10 Tips for Travelers to Make Every Day Earth Day

Wendy Redal April 22, 2010 0

Happy 40th Birthday, Earth Day!

As adventurers united in a passion for exploring the far recesses of our globe, we know how crucial it is to protect the natural environments we treasure. Most of us pay closer attention to treading lightly upon our precious planet when Earth Day circles around. Yet every time we leave home, we can care for the Earth by incorporating some simple practices into the way we travel. They take little effort but collectively can make a big impact on the environment — not just for Earth Day, but every day.

1. START BEFORE YOU GO

Unplug your electronic appliances when you leave home for an extended time, especially those with digital or LCD displays such as TVs or microwaves — these suck a lot of power whether they are switched on or not. The Department of Energy estimates that so-called “vampire” or “phantom” energy waste accounts for 5 percent of total electronic energy consumption in the United States. You should also make sure your thermostat is turned down or off, and reduce the setting on your water heater.

2. BOOK A NON-STOP FLIGHT WHEREVER POSSIBLE

Planes use the greatest amount of fuel during takeoffs and landings, so choosing a non-stop flight can help reduce the amount of carbon your trip adds to the atmosphere. There are benefits for you, too: By avoiding transfers, you’ll get to your destination faster and you’re less likely to lose luggage.

3. PACK LIGHT

Not only will you save money on checked baggage fees, but you’ll burn less CO2 when you fly if you leave the extra outfits and sundries at home. The heavier the plane’s load, the more fuel it requires to take off and reach its destination.

4. TAKE YOUR WATER BOTTLE

Stay hydrated on your flight and don’t waste multiple rounds of plastic cups by bringing your own H2O along. Keep it with you as you travel to avoid buying costly and wasteful bottled water.

TRANSPORT

“Carpool” by taking a shuttle from the airport to your destination, rather than a taxi. Ride the bus or train instead of renting a car, if you can. And walk as much as possible — it can be the fastest way to get around in big cities like New York and London.

6. RENT A FUEL-EFFICIENT ‘GREEN’ CAR

If you do need to rent a car, choose a fuel-thrifty compact or a hybrid, which are available in increasing numbers through many major rental companies. You can also choose to offset your rental car’s CO2 output by opting to pay a small fee: For just $1.25 per rental, Alamo, Enterprise and National pay TerraPass to offset the average rental’s carbon emissions.

7. STAY AT A ‘GREEN’ HOTEL

More and more hotels are cleaning up their eco-acts. It’s easy to find those that embrace environmentally-conscious practices on a variety of websites. To get you started, Travelzoo has published a list of LEED-certified properties (the U.S. Green Building Council’s Leadership in Energy and Environmental Design) in honor of Earth Day’s 40th anniversary. LEED evaluates hotels for sustainable site development, water savings, energy efficiency, materials selection and indoor environmental quality to ensure a whole-building approach to sustainability. Worried that an eco-friendly hotel will cost you a lot of “green”? Travelzoo’s list deliberately includes many moderately priced properties.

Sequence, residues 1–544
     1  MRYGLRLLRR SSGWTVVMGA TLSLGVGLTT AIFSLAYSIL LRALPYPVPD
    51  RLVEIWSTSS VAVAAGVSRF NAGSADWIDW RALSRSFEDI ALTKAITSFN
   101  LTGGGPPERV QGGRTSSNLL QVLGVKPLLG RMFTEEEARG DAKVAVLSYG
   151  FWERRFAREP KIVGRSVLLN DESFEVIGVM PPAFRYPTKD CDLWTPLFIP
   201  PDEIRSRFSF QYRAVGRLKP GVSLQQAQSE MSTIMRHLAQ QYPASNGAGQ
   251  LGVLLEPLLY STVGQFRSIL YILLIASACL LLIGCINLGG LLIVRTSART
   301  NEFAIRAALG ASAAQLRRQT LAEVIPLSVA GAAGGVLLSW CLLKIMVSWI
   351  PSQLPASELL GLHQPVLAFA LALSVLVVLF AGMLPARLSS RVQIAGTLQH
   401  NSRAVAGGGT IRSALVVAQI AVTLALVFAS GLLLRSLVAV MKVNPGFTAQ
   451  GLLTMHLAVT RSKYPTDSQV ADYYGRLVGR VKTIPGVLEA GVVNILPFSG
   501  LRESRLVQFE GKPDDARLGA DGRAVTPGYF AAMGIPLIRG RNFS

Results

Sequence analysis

8. TURN THE LIGHTS OFF

Shouldn’t this be a no-brainer? You do it at home, so be just as conscious when you’re traveling. Even though you’re not paying the hotel’s electric bill, you’re still adding to your carbon footprint. Ditto for not leaving the heat or AC on when you go out, or wasting water when you shower.

9. DON’T BUY SOUVENIRS MADE FROM ANIMAL PRODUCTS

It’s sometimes difficult to tell whether that memento for sale in a shop or market may have come from an endangered species: handbags made from reptile skins, jewelry from marine turtle shells or carvings from elephant ivory. The smartest approach is simply not to buy objects made from exotic wildlife. Many animals are threatened by illegal trade, according to the International Fund for Animal Welfare.

10. GIVE BACK WHEN YOU GO

Consider devoting a future trip to “voluntourism,” where you take a vacation and serve the planet at the same time. Drink in incredible scenery while you build and maintain trails with The American Hiking Society. Band penguins in Antarctica or map water supplies in drought-stricken Kenya with the Earthwatch Institute. Focus on helping people in need through GlobeAware’s Adventures in Service. The opportunities are truly unlimited! Or, explore possibilities to tack on a few days of service in conjunction with your next trip with Natural Habitat Adventures — anywhere we go, there are certain to be volunteer opportunities available somewhere in the vicinity.

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